The impact of air transportation on ranching decisions in Hawaii

dc.contributor.author Jenkins, Gerald Martin
dc.date.accessioned 2009-09-09T20:23:43Z
dc.date.available 2009-09-09T20:23:43Z
dc.date.issued 1969
dc.description Typescript.
dc.description Thesis (Ph. D.)--University of Hawaii, 1969.
dc.description Bibliography: leaves [122]-117.
dc.description xi, 117 l illus., tables
dc.description.abstract Hawaiian cattle producers have been forced to operate in relative isolation because of the distance to the Mainland. There is only one feedlot in Hawaii that does custom feeding and only one Federally inspected slaughterhouse in the Islands. Thus, the Hawaiian rancher can only improve his economic position by ranch management decisions that will lower costs since the off-ranch price of feeding and slaughter are relatively fixed. By taking advantage of new technology in containerization and air transportation, ranchers in Hawaii may soon be able to finish and market feeders (calves) on the Mainland. In an effort to see what effect lower air freight rates and consequent air transportation of calves to the U. S. Mainland will have on net ranch income in Hawaii, a hypothetical ranch containing 18,500 acres of pasture was budgeted, based on previous survey results, Mainland feedlot costs, and knowledge of the industry by University personnel in conjunction with three ranching experts. Four marketing alternatives were analyzed: (1) finishing and marketing of yearlings in Hawaii, (2) finishing and marketing of yearlings in Ventura, California, (3) finishing and marketing of weaned calves in Ventura, California, and (4) finishing and marketing of those yearlings expected to grade choice after finishing in Hawaii, and those calves expected to grade only good in Ventura, California. With the air freight rate to Los Angeles of $.10 per pound or above, finishing and marketing of yearlings in Hawaii is the most profitable operation. At $.09 per pound, two alternative systems will increase net ranch income, given the conditions of the hypothetical ranch. One is converting all resources of the ranch to a cow-calf operation and flying feeder calves to Los Angeles to be drylot finished in Ventura. The second is finishing those yearlings expected to grade choice in Hawaii, and those calves expected to grade good in California. When the air freight rate is $.08 per pound, all operating systems that fully utilize the ranch resources will increase net ranch income. At $.07 per pound, and allowing some of the resources of the ranch to remain idle (those used to grow yearlings), net ranch income can be increased by flying calves to Ventura, California for drylot finishing and marketing.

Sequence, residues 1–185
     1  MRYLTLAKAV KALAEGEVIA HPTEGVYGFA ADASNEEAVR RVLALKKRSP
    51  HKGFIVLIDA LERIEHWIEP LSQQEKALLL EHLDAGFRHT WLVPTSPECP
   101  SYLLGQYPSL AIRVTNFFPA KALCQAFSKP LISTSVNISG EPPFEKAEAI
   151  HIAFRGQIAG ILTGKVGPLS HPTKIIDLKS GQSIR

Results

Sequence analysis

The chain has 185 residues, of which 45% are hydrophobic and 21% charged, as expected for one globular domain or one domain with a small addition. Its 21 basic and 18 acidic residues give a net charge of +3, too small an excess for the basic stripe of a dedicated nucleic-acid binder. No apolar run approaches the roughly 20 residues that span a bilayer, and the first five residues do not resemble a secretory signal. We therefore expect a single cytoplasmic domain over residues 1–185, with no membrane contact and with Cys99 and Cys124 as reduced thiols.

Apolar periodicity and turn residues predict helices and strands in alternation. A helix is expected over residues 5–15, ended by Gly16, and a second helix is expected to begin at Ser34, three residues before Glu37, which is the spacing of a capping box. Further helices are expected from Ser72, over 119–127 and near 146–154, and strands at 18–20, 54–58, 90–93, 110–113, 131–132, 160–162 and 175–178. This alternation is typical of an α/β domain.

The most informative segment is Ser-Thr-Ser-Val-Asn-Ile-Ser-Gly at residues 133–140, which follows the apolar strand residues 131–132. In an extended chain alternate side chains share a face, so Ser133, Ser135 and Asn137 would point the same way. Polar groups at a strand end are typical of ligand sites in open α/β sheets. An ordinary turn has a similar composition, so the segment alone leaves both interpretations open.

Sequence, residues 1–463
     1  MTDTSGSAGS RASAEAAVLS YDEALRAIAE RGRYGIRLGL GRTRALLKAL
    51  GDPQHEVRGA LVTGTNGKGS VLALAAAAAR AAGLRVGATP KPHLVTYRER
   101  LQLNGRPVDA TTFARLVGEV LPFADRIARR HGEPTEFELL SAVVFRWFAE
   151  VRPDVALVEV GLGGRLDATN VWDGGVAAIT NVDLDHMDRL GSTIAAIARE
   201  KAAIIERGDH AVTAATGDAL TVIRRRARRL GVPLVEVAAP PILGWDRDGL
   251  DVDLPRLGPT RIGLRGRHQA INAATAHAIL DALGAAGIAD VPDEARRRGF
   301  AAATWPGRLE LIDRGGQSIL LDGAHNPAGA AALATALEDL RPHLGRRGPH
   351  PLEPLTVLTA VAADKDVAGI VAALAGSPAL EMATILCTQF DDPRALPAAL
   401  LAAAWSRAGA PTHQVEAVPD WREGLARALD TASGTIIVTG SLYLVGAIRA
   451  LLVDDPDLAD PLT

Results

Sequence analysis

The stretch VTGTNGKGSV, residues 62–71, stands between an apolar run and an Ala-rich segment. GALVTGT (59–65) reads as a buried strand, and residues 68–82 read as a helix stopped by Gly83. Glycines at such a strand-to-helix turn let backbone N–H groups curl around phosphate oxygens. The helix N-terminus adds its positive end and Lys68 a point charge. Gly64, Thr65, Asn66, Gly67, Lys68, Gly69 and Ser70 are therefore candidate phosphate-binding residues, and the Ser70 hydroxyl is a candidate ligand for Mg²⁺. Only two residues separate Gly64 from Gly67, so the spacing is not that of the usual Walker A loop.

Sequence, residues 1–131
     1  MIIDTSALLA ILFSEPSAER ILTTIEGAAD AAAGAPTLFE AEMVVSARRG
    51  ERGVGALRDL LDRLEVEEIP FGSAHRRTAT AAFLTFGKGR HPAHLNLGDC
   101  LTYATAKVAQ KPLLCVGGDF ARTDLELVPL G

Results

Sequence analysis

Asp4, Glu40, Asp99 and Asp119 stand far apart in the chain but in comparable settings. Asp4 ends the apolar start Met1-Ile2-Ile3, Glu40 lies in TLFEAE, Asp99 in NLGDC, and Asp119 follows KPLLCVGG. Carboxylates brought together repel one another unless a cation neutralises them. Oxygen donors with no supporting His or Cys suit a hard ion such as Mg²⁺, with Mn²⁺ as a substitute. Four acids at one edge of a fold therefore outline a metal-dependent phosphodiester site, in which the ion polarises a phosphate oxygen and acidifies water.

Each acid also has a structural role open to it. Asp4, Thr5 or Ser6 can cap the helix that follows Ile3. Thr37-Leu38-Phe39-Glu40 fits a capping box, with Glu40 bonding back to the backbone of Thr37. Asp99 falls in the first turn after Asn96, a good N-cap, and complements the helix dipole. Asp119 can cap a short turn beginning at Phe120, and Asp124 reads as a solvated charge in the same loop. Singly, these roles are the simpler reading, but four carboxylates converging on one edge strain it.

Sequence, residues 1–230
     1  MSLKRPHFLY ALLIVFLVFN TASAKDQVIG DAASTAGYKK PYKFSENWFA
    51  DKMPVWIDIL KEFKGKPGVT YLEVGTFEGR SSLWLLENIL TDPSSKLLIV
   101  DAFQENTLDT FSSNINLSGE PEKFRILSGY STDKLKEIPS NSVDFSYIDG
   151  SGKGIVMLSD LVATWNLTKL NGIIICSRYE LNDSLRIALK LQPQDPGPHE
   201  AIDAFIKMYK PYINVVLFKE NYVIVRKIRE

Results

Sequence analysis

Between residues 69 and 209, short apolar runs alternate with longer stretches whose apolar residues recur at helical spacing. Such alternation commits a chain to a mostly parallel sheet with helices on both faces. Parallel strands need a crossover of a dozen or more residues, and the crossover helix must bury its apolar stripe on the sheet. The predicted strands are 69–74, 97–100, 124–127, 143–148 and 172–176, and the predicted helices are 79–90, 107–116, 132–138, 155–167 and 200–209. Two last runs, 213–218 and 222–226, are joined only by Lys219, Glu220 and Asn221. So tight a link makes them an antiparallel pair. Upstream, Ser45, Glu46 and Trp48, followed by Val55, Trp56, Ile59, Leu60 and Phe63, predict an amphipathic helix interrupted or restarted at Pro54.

dc.identifier.uri http://hdl.handle.net/10125/12148
dc.language.iso en-US
dc.publisher [Honolulu]
dc.relation Theses for the degree of Doctor of Philosophy (University of Hawaii (Honolulu)). Agricultural Economics; no. 232
dc.rights All UHM dissertations and theses are protected by copyright. They may be viewed from this source for any purpose, but reproduction or distribution in any format is prohibited without written permission from the copyright owner.
dc.subject Beef cattle -- Hawaii
dc.subject Beef -- Transportation
dc.subject Cattle trade -- Hawaii
dc.title The impact of air transportation on ranching decisions in Hawaii
dc.type Thesis
dc.type.dcmi Text
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